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Advise: Bees digging holes in dirt (pictures)

I am seeking your assistance. In New Jersey we have a dirt/grass area where bees have dug holes (hills) in the dirt, similar to an an ant hill and it seems to be active since I have spotted them flying in/out and around. So far I identified nearly a couple dozen hills. Are you able to identify the type of bee and how do I effective treat the area and get rid of them since this location needs to be free and clear. I have posted images for reference. The images may not be the best quality. Thanks for your help.











 
Miner Bees.

http://www.uri.edu/ce/factsheets/sheets/miningbees.html

Very low risk of stings, short season, very beneficial insect. If it was me I'd enjoy watching them for a few weeks till they're no long active.

Probably could destroy the nest area by going out after dark, blasting it with a garden hose (maybe even run some dish soap through a Miracle Gro type sprayer to coat the bees so they can't fly), mix the mud up with hoe, then mulch it heavily, or plant a thick patch of grass, to discourage new bees from building new nests.

If you go conventional, some Sevin dust around/in the holes should be picked up by the bees. Dust is probably more effective here, since sprays/liquids would get absorbed right away by the soil.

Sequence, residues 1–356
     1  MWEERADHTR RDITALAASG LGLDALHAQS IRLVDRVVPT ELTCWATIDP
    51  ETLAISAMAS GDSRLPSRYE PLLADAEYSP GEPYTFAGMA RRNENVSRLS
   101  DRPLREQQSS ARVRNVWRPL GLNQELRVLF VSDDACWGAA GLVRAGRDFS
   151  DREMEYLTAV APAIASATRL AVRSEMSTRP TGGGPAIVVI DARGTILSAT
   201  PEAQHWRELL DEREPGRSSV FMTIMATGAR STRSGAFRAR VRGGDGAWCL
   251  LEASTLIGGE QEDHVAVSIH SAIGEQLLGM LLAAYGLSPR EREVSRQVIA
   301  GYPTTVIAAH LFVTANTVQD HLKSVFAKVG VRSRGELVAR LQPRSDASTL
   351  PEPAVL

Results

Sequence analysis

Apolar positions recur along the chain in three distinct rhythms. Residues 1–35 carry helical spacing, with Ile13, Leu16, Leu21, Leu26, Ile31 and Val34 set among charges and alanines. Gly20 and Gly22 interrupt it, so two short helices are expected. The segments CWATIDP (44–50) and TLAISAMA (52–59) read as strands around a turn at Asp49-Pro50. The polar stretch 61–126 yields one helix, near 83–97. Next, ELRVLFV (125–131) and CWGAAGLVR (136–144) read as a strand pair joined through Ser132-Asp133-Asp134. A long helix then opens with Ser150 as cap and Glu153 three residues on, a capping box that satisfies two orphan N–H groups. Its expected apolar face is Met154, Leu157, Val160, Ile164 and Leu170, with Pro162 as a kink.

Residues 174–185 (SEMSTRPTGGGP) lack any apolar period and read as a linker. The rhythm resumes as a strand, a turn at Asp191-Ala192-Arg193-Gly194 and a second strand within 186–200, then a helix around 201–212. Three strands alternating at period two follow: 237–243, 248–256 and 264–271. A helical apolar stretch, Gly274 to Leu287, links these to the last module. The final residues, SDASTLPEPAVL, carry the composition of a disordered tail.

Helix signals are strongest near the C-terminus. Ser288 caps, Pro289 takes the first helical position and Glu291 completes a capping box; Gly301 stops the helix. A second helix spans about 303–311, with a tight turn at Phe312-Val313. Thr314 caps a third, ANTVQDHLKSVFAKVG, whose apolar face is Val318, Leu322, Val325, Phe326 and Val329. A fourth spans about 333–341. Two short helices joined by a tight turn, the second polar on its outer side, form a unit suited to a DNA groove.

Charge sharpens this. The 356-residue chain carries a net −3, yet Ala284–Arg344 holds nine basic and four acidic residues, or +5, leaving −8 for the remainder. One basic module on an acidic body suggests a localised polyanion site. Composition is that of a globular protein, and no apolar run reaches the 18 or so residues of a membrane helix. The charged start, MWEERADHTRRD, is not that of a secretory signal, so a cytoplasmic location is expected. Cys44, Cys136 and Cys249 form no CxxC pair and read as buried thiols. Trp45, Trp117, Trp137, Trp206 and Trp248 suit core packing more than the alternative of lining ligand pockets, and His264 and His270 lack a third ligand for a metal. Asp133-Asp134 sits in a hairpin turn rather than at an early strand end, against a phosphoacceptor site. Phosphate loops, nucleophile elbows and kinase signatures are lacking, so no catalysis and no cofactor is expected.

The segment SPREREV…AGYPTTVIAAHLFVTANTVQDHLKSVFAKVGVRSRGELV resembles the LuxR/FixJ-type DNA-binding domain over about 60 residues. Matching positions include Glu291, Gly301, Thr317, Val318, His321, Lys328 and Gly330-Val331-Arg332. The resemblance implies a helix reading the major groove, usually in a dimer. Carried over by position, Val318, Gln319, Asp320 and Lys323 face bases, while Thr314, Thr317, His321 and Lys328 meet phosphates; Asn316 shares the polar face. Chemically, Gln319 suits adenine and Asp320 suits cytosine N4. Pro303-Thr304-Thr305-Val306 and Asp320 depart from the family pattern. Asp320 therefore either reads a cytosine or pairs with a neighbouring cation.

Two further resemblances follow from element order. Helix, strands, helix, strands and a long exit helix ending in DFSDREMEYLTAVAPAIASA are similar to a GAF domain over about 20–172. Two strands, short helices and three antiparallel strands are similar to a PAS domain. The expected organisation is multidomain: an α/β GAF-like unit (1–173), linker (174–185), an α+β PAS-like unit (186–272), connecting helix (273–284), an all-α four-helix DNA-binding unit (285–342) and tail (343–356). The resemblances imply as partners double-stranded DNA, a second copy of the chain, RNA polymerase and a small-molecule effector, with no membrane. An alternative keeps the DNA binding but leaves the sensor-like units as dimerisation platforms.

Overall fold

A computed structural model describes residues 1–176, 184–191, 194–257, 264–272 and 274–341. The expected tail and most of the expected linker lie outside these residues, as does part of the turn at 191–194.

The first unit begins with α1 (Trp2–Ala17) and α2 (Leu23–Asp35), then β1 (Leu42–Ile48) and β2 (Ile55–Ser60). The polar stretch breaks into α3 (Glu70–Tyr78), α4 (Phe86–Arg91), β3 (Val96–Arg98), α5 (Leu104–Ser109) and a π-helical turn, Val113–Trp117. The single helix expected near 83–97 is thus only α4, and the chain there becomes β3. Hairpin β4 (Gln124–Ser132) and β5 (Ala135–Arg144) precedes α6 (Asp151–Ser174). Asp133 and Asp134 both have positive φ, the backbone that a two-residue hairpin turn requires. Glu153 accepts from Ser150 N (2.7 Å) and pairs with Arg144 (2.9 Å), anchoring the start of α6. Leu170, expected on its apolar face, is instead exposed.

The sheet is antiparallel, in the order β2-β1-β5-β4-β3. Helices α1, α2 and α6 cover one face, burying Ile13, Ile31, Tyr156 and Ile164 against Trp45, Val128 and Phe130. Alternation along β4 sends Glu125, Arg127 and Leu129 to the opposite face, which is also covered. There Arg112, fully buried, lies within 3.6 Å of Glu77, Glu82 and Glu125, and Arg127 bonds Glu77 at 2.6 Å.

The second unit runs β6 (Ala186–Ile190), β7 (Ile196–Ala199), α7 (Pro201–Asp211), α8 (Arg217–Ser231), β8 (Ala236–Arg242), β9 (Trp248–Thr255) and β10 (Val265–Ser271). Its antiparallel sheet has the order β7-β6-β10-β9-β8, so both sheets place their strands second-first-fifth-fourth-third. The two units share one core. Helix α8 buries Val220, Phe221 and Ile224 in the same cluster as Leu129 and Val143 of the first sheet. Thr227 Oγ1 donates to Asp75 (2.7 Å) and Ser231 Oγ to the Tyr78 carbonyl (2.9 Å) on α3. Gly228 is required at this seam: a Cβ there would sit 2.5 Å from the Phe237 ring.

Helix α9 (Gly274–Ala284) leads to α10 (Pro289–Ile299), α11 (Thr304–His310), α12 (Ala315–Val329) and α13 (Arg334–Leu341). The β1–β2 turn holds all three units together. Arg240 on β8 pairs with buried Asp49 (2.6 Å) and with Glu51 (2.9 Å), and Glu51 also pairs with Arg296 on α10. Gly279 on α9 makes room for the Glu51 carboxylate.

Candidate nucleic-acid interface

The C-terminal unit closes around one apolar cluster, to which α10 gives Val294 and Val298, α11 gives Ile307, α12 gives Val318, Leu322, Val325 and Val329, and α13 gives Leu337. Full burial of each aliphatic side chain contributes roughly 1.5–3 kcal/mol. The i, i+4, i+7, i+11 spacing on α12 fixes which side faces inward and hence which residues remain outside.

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If these are Miner Bees there is no reason to kill them, especially since we ned all the pollinators we can get to produce the food we need to eat. Just leave them alone and they will not bother you or anyone else.
 

The sign of a good gardener is not a green thumb, it is brown knees.

West central Michigan along the lakeshore.

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I have the same bees and they will get a little stingy - a few foot stings from walking too close to the holes barefoot (when i thought they were ant holes)- if you encroach too much into their happy zone. I moved them to another part of the yard by putting partially burned (not hot or smoking!) hay/straw over the area (50+ holes in a 20 x 20 area) - within a day or two those nests were vacated and a new series of holes has popped up a couple hundred feet away (closer to where I need the polinators anyway so a double good thing). They are only active for part of the spring/summer though so you can also just deal with it until they calm down.
 
Zone 5, southern NH - "Trying to make the Earth say beans instead of grass" - Henry David Thoreau
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It works to just mark off the area and let them "bee" Smiler They are sooooo good for the environment, and now that you know where they are you won't have any surprises. Don't let a hose drag over it, or run a mower too close. They won't be there much past September.
 
---------------------- Life goes on within you and without you - George Harrison
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